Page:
c. Make a temper color index from a flat piece of steel. Using hand tools, make and temper a center punch of medium-carbon or high-carbon steel.

4. Find out about three career opportunities in metalworking. Pick one and find out the education, training, and experience required for this profession. Discuss this with your counselor, and explain why this profession might interest you.

5. After completing the first four requirements, complete at least ONE of the options listed below.

a. Option 1 – Sheet Metal Mechanic/Tinsmith
(1) Name and describe the use of the basic sheet metalworking tools.
(2) Create a sketch of two objects to make from sheet metal. Include each component's dimensions on your sketch, which need not be to scale.
(3) Make two objects out of 24- or 26-gauge sheet metal. Use patterns either provided by your counselor or made by you and approved by your counselor. Construct these objects using a metal that is appropriate to the object's ultimate purpose, and using cutting, bending, edging, and either soldering or brazing.
(a) One object also must include at least one riveted component
(b) If you do not make your objects from zinc-plated sheet steel or tin-plated sheet steel, preserve your work from oxidation.
b. Option 2 – Silversmith
(1) Name and describe the use of a silversmith's basic tools.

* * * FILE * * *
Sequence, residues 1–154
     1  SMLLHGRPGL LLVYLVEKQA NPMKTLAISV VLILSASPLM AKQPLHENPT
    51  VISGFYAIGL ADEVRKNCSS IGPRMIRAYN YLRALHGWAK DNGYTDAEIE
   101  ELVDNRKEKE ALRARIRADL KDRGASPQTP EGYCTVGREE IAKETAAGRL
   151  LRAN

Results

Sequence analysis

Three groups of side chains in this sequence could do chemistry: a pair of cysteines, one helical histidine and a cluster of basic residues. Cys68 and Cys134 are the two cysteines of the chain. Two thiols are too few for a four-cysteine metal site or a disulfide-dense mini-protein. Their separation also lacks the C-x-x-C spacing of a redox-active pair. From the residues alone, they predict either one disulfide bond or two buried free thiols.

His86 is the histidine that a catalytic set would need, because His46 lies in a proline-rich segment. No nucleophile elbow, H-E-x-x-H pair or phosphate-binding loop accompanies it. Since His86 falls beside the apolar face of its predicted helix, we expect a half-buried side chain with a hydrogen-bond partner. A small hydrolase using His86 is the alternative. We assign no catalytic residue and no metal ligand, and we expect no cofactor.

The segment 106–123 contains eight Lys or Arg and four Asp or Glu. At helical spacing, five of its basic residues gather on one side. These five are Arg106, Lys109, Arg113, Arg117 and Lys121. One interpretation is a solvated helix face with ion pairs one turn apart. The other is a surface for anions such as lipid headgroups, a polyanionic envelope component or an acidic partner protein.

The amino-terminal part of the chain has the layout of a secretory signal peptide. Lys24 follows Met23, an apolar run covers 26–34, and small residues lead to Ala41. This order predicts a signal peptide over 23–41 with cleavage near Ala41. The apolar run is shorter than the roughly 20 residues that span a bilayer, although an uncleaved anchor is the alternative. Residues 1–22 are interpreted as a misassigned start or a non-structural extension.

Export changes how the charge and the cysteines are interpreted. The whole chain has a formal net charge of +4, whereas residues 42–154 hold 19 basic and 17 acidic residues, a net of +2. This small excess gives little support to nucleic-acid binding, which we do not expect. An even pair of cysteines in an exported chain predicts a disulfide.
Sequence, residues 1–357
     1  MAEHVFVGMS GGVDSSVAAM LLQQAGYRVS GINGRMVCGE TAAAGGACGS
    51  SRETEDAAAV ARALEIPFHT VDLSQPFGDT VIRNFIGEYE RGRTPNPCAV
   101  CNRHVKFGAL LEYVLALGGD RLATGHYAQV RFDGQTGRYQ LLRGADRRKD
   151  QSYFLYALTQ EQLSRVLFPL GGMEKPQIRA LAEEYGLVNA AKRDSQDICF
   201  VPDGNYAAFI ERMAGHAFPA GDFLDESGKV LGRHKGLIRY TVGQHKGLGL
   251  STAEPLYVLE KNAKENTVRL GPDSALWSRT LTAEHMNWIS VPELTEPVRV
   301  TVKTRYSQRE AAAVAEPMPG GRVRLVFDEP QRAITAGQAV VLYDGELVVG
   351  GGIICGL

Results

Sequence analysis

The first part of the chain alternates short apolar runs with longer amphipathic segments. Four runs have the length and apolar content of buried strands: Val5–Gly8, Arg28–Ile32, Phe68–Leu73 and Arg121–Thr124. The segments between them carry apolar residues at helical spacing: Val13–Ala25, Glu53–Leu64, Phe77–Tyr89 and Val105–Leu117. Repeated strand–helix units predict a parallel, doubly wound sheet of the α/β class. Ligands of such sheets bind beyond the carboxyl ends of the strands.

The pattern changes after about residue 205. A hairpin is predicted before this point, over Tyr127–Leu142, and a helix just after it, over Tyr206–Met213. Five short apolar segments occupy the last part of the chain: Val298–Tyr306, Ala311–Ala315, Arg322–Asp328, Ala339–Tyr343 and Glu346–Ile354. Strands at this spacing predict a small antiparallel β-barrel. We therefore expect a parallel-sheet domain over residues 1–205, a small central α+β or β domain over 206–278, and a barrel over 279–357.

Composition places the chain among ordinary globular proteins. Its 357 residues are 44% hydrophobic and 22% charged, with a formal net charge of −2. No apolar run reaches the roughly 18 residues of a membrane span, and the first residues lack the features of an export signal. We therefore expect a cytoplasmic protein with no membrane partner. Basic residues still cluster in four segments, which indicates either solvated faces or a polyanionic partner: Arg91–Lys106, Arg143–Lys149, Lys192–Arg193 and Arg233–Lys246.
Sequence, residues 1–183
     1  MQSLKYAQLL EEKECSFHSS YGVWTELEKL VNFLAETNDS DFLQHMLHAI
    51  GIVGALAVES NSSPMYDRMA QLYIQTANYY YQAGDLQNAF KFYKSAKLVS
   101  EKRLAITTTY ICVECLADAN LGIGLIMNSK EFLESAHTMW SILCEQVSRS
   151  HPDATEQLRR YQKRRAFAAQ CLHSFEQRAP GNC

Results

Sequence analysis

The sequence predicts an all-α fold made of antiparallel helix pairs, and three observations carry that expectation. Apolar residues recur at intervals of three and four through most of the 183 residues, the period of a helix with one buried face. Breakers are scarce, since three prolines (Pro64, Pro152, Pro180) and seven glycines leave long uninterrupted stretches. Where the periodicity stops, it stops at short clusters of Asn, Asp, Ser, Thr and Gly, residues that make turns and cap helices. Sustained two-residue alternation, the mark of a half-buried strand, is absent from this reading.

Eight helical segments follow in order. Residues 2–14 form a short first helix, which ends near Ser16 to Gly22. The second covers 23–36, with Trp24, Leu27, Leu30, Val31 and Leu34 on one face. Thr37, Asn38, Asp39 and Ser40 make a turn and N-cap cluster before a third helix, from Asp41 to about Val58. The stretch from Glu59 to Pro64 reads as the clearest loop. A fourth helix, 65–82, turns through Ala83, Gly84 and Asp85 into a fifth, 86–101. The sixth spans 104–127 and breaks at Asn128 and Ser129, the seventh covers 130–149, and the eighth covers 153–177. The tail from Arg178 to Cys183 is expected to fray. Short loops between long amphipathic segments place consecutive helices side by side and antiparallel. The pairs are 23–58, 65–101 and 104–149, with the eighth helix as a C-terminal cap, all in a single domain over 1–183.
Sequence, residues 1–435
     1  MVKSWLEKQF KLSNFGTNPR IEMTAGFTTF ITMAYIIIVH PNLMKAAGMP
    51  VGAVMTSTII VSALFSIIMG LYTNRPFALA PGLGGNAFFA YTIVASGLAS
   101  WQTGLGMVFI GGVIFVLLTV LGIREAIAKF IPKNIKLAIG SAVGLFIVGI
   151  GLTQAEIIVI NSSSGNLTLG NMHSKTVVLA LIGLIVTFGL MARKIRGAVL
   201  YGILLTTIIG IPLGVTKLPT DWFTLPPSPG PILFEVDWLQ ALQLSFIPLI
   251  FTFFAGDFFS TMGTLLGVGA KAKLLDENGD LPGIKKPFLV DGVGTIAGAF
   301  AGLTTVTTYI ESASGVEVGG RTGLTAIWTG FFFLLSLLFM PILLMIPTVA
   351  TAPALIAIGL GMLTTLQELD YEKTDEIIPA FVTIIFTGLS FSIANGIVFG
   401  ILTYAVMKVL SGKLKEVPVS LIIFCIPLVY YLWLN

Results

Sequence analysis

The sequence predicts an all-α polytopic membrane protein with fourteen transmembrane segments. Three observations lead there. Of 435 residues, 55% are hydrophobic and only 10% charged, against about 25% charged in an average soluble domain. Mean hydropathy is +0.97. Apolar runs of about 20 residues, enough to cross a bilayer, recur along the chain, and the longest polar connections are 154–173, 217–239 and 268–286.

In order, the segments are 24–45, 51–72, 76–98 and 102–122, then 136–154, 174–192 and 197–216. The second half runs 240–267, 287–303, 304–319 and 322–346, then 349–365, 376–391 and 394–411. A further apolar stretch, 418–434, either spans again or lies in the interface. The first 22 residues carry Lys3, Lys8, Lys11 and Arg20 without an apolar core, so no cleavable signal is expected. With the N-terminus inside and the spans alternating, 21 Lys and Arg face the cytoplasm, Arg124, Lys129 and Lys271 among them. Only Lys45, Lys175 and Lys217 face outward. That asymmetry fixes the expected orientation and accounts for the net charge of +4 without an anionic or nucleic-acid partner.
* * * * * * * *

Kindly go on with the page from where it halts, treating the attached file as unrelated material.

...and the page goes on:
(2) Create a sketch of two objects to make from sheet silver. Include each component's dimensions on your sketch, which need not be to scale.
(3) Make two objects out of 18- or 20-gauge sheet copper. Use patterns either provided by your counselor or made by you and approved by your counselor. Both objects must include a soldered joint. If you have prior silversmithing experience, you may substitute sterling silver, nickel silver, or lead-free pewter.
(a) At least one object must include a sawed component you have made yourself.
(b) At least one object must include a sunken part you have made yourself.
(c) Clean and polish your objects.
c. Option 3 – Founder
(1) Name and describe the use of the basic parts of a two-piece mold. Name at least three different types of molds.
(2) Create a sketch of two objects to cast in metal. Include each component's dimensions on your sketch, which need not be to scale.
(3) Make two molds, one using a pattern provided by your counselor and another one you have made yourself that has been approved by your counselor. Position the pouring gate and vents yourself. Do not use copyrighted materials as patterns.